Charge Transfer Efficiency: WF/PC-1 devices suffered from significant charge transfer efficiency (CTE) errors at image intensities below ~200 electrons per pixel. This was overcome by preflashing virtually all science images. WFPC2 devices have very little CTE error, and hence no preflash is used. Low-level charge traps are present in the WFPC2 devices, and result in a loss of about 4% of the signal when a star image is clocked down through all rows of the CCD. In the presence of background, the effect is reduced. For most applications, CTE is negligible or calibratable and pre-flash exposures are not required.
Detector MTF: The WFPC2 Loral devices do suffer from poorer CCD detector MTF than the WF/PC-1 CCDs, perhaps caused by scattering in the frontside electrode structure. The effect is to blur images and decrease the limiting magnitude by about 0.5 magnitudes.
Flat field quality: WF/PC-1 CCDs were chemically thinned devices and therefore varied in thickness across the field-of-view causing large features in the flat fields. WFPC2 CCDs are un-thinned and the intrinsic response is uniform to ~3% across the field.
DQE: The WFPC2 CCDs have intrinsically lower QE than WF/PC-1 CCDs above 4800Å, which is due to attenuation by frontside electrode structures.
Gain switch: WF/PC-1 had only a single analog-to-digital converter gain setting of 8 e- DN-1 which saturated at about 30,000e-. Two gains are available with WFPC2: a 7 e- DN-1 channel which gives reasonable sampling of the 5e- read noise, and which saturates at about 27,000e-, and a 14 e- DN-1 channel which saturates at about 53,000e- and extends the useful dynamic range.
Quantization: The systematic analog-to-digital converter errors that were present in the low order bits on WF/PC-1 have been largely eliminated, contributing to a lower effective read noise in WFPC2.
Calibration Channel: WF/PC-1 contained a solar UV flood channel which was physically in the location of the present WFPC2 calibration channel. This transmitted solar UV light into the camera to provide a UV flood capability.
Entry Port: The WF/PC-1 camera was sealed by an afocal MgF2 window immediately behind the shutter. The WFPC2 entry port is open.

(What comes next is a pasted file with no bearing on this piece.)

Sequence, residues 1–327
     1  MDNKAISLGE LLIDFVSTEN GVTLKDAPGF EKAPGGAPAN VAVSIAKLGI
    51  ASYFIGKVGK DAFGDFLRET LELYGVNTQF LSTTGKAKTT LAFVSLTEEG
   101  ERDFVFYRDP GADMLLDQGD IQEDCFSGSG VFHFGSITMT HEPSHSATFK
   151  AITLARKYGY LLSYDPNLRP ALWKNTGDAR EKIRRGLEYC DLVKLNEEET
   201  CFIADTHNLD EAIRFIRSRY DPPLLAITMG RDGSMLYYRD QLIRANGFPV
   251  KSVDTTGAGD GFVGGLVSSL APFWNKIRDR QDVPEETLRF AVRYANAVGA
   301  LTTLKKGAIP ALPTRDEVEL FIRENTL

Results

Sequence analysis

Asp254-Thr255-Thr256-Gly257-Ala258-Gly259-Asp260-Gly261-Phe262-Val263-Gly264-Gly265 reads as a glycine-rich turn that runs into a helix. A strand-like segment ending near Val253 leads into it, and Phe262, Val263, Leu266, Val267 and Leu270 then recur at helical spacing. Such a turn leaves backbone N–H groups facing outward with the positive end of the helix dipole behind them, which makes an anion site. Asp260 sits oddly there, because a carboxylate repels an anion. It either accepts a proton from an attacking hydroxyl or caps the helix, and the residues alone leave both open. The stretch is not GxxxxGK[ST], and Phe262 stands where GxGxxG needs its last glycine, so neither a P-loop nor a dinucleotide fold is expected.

Chronographic Capability: WF/PC-1 contained a low reflectance spot on the pyramid (known as the Baum spot) which could be used to occult bright objects. This has been eliminated from WFPC2, since the spherical aberration severely reduces its utility.
Contamination Control: Since launch, WF/PC-1 suffered from the accumulation of molecular contaminants on the cold (-87 degrees C) CCD windows. This molecular accumulation resulted in the loss of FUV (1150-2000Å) throughput and attenuation at wavelengths as long as 5000Å. Another feature of the contamination was the "measles" -- multiple isolated patches of low volatility contamination on the CCD window. Measles were present even after decontamination cycles, when most of the accumulated molecular contaminants were boiled off by warming the CCDs. In addition to preventing UV imaging, these molecular contamination layers scattered light and seriously impacted the calibration of the instrument. WFPC2 has far less contamination than WF/PC-1 owing to pre-launch cleaning and bake-out procedures, careful design of venting paths to protect the optical bench area, and inclusion of Zeolite molecular absorbers in the design. There is now a decrease in throughput of about 30% per month at 1700Å, but monthly decontamination procedures completely remove this material. This throughput drop is also highly predictable and can be calibrated out during photometric analyses.